The three functions of assessment in teacher education presented by Smith and MacPhail in the InFo-TED assessment building block posed on the InFo-TED website are interconnected. That is:
(i) a teaching graduate being professionally competent requires knowledge and skill in using assessment effectively as part of the teaching and learning process
(ii) drawing on their own experiences with assessment during teacher education allows teaching graduates to ‘live’ assessment and identify positive and negative aspects they encountered
(iii) becoming formative and summative assessors of student learning will ultimately impact the quality and strength of that learning.
Teaching for student learning should be at the core of any education system. In my view, if teaching is going to produce deep and worthwhile learning, teachers must develop the expertise to help students achieve success through the design of instructionally aligned programmes and lessons. Teachers must be able to identify appropriate learning goals, develop formative and summative assessments that match those goals, and teach in challenging and exciting ways that match the learning goals and assessments. In other word, as Cohen (1987) suggests, meaningful learning is achieved through teaching that reflects an alignment between learning goals, assessments that provide evidence of students reaching those goals, and the instructional practices employed to facilitate students achieving success.
In my view, it is the responsibility of teacher education to help teaching graduates become skilled at designing and implementing instructionally aligned lessons to produce student learning. These graduates must know (i) what they want students to know and be able to do, (ii) determine how student learning will be determined so both the teacher and the student will know when success is being or has been achieved, and (iii) they must teach students in exciting and challenging ways providing learning experiences that allow practice and application of learning.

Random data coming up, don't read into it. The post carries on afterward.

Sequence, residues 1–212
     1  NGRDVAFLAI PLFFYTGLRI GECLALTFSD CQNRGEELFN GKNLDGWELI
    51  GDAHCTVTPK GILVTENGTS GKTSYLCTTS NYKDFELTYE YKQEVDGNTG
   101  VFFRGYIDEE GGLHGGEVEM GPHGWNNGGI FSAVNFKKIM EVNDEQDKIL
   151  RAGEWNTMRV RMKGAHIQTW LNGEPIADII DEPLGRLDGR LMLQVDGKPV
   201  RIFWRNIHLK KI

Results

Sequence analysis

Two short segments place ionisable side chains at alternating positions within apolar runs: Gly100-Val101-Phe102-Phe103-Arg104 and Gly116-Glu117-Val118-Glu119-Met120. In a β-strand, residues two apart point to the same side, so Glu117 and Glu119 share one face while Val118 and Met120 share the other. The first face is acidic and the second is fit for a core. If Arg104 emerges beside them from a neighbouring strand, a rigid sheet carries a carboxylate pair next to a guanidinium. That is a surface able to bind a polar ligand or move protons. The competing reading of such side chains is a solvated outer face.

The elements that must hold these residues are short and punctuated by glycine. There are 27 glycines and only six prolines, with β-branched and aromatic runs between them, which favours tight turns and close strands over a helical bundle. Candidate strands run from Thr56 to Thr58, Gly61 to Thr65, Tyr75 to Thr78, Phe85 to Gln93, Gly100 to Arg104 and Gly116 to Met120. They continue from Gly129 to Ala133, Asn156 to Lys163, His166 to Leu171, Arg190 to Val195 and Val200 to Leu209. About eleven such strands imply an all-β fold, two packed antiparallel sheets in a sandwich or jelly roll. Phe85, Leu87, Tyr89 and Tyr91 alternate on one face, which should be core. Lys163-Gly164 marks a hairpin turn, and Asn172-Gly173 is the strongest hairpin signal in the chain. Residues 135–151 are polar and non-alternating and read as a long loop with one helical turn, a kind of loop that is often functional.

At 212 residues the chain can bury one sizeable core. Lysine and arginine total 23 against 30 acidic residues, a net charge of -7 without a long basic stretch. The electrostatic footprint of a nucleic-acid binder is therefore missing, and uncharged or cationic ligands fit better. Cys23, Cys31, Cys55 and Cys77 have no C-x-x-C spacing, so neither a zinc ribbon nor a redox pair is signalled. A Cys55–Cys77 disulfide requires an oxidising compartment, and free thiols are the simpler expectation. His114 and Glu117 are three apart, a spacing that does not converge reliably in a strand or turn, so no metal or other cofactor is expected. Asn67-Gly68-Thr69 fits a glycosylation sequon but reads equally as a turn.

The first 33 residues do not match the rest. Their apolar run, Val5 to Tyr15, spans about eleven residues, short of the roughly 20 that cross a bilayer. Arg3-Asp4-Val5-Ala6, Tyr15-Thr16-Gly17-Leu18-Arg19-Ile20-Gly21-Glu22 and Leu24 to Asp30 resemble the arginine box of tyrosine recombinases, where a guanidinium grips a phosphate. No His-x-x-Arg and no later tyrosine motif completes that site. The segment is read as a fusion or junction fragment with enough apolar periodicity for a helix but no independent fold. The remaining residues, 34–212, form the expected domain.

Wiggins and McTighe (1998) proposed a planning process which they referred to as backward design that begins with the end in mind, i.e., the goals, what students will learn. Once what students will learn has been identified, then teacher planning moves to assessment and how students might demonstrate their learning. And finally, in order for student learning to progress, the teaching strategies and learning experiences that will most effectively facilitate learning and allow student achievement of these goals are designed. Lambert (2000) uses the metaphor of a three-legged stool to describe this planning process. She suggests that there must be stability among each of the legs of the stool. If any one of the three legs is too short the stool will be wobbly. If any leg is missing the stool will fall over. This suggests that all three legs must be present to create balance as with the concept of instructional alignment. That is, learning goals, assessment of learning, and instruction must all match.
Often, teachers misalign what they want students to learn, how they assess them on that learning, and the methods and experiences they design for students to practice.
As we focus on each of the legs of the stool we must be cognizant that all learning does not have to be demonstrated in the same way. Just as all students learn differently, so do they demonstrate learning in various ways. It is up to the teacher to provide opportunities for students to learn in ways that are effective for them and demonstrate their success, their competence, and their level of achievement in ways that are responsive to individual students. Most importantly, as Wiggins (2011) notes, assessment is central to instruction, it is not an add-on. If the assessment is a quality challenging measure of what students were taught and what they have been striving to master and apply, then teachers should teach toward the assessment.
Cohen, S. A. (1987). Instructional alignment: Searching for a magic bullet. Educational Researcher, 16(8), 16-20.
Lambert, L. (2000) The New Physical Education. Educational Leadership, 57(6), 34-38.
Wiggins, G., & McTighe, J. (1998). Understanding by design. Alexandria, VA: Association of Supervision and Curriculum Development.